"Consumers should be worried," Tibau continued. "The Dental Board has done everything in its power to protect the ADA and the continued use of Mercury. The stated mission of the Dental Board of California is ëto protect the California consumer.í But their arrogant attempt to ram-through a Fact Sheet that covers-up the dangers of Mercury in dental fillings -- at the very moment that the Legislature is voting to shut them down -- is callous and blatantly anti-consumer. This board has its head in the guillotine, and all it can think to do is to say, ëLet them eat Mercury.í We hope that the State Legislature and Governor Davis will act to put this anti-consumer board out of business so that the rights and interests of the people of California can be protected."

"The amount of Mercury in each dental filling is colossal by medical standards," said Dr. Andrew Landerman, DDS, a Santa Rosa dentist representing the American Academy of Biological Dentistry. "Mercury amalgam is dangerous before it goes into the mouth, and it is a hazardous material when it comes out. Each filling has 750,000 micrograms of Mercury. A person with four fillings has three grams of Mercury in his or her mouth, enough to shut down a lake, a school, or a business."

#####

For further information: www.toxicteeth.net

Background on the Dangers of Mercury and the Controversy about Mercury in Dentistry

"Mercury, a metallic chemical that is liquid at ordinary temperatures, has been linked to several cognitive and developmental ailments in the brain, spinal cord, kidneys, liver and lungs. It is especially damaging to young children and to fetuses. After mercury is vaporized in incinerators or dumped in sewage-treatment plants, it often gathers in bodies of water, where fish ingest it. People can be poisoned when they eat fish contaminated with mercury... Perhaps the most pervasive use of mercury is in the amalgam of metals used in most dental fillings."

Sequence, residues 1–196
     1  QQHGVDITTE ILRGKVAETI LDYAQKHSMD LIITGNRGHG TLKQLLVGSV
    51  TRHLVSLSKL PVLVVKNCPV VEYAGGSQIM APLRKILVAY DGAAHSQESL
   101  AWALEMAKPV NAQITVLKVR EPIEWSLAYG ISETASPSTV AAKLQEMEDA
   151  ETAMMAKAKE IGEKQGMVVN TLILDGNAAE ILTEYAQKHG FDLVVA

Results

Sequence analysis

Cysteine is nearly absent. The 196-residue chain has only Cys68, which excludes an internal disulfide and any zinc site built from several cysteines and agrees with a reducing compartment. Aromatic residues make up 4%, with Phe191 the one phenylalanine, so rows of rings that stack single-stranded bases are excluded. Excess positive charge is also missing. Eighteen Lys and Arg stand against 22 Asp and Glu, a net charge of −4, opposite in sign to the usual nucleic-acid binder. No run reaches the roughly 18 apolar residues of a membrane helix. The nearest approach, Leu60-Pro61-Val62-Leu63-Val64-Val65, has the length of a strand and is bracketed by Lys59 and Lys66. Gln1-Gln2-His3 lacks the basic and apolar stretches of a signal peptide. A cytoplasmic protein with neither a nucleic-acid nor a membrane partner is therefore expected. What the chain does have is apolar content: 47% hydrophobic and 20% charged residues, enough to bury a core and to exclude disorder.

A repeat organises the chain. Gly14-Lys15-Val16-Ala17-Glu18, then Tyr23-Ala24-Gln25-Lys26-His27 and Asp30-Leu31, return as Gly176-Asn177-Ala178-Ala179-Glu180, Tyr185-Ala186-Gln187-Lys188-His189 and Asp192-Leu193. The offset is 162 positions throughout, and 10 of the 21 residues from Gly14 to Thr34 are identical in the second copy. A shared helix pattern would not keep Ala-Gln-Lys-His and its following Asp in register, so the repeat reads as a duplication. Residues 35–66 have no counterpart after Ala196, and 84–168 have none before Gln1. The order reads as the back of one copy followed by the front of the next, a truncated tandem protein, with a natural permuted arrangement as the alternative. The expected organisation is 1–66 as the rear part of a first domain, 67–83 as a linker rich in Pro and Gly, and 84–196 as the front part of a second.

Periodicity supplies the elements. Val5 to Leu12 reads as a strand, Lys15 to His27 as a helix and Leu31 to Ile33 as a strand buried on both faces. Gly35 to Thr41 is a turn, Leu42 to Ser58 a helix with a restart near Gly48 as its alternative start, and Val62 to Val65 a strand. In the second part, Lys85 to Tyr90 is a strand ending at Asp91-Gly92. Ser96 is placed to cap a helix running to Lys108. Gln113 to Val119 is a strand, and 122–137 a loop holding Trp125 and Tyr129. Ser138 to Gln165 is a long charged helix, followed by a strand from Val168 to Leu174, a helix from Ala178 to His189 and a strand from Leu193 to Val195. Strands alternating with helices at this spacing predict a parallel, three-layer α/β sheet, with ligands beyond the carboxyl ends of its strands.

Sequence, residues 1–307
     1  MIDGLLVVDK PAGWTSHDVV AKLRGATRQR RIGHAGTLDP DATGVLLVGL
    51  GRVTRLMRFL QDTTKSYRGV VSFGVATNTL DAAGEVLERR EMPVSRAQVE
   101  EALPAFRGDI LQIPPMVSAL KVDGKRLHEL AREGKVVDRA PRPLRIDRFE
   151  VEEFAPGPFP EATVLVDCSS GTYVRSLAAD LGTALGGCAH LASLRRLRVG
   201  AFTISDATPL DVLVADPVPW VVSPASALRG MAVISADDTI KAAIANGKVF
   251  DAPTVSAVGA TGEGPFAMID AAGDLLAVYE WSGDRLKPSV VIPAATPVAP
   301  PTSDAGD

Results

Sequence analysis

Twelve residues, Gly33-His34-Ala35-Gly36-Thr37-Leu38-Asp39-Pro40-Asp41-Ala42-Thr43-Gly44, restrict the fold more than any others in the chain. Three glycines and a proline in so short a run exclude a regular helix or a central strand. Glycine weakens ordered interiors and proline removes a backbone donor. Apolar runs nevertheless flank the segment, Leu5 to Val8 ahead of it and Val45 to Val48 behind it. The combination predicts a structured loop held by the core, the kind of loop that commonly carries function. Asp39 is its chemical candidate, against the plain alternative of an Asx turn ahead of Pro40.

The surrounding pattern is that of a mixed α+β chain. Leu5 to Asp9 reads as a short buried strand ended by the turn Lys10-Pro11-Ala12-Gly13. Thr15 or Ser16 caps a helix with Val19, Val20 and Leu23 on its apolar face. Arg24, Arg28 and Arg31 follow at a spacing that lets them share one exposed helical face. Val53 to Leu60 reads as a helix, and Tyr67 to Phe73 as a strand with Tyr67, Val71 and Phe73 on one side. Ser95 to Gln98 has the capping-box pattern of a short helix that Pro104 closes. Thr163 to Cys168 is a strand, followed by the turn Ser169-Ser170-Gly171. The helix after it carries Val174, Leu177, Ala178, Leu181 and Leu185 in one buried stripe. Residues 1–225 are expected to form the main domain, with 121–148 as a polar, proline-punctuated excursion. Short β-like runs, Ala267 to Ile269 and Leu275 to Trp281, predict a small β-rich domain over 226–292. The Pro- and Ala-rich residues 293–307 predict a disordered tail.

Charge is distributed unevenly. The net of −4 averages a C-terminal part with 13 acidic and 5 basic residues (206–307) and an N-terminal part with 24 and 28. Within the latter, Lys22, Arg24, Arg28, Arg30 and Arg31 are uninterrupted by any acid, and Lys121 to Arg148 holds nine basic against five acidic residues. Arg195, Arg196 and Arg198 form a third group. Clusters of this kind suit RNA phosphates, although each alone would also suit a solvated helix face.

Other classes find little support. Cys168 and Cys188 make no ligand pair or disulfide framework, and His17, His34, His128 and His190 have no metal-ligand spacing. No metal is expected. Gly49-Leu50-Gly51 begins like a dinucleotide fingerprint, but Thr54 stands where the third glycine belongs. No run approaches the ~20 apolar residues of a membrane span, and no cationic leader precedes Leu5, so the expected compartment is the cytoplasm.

• "Bill Seeks to Ban Use of Mercury In a Variety of Common Products" By James C. McKinley Jr. The New York Times, February 7, 2001

The state Dental Board is on the verge of being put out of business by the California Legislature for malfeasance. SB26, which would eliminate the board effective immediately, passed the State Assembly on Thursday, July 12 by a vote of 66 to 8. It will be taken up by the State Senate for an expected concurrence vote when they return from recess later this month, and then be sent to Governor Gray Davis. The bill's author, Sen. Liz Figueroa (D-Fremont), has called the Dental Board's refusal to adopt a proper Fact Sheet to advise dentists and their patients of the dangers of Mercury in dental fillings "the straw that broke the camelís back" in terms of the boardís unwillingness to function in the public interest.

The Dental Board has been required by law (authored in 1992 by then-State Senator Diane Watson) to adopt a Dental Materials Fact Sheet about the risks and efficacies of dental materials. The principal dental material at issue is Mercury-based dental fillings. For nine years, the Board has refused to implement this law.

Increased media and consumer interest and concern about the dangers of Mercury resulted in the Dental Board finally addressing this issue. The Fact Sheet the Board had proposed to adopt has been determined by Governor Davisí Department of Consumer Affairs to be "[legally] deficient in numerous waysÖ Legal staff has concluded that the statutory mandates have not been substantially complied with."

The proposed Fact Sheet violates all of the following:

  • the statute, because it continues to avoid describing the risks of Mercury amalgam;
  • the bid specifications adopted by the Board in March 2000, because it does not address vulnerable sub-populations such as children and pregnant women;
  • the Board resolutions of December 1999 on this subject, because it does not provide advice on determining consumer sensitivity to Mercury amalgam;
  • the written promises the Board made to its licensees in its June 2000 newsletter, because it does not urge Proposition 65 warnings for Mercury in dental offices.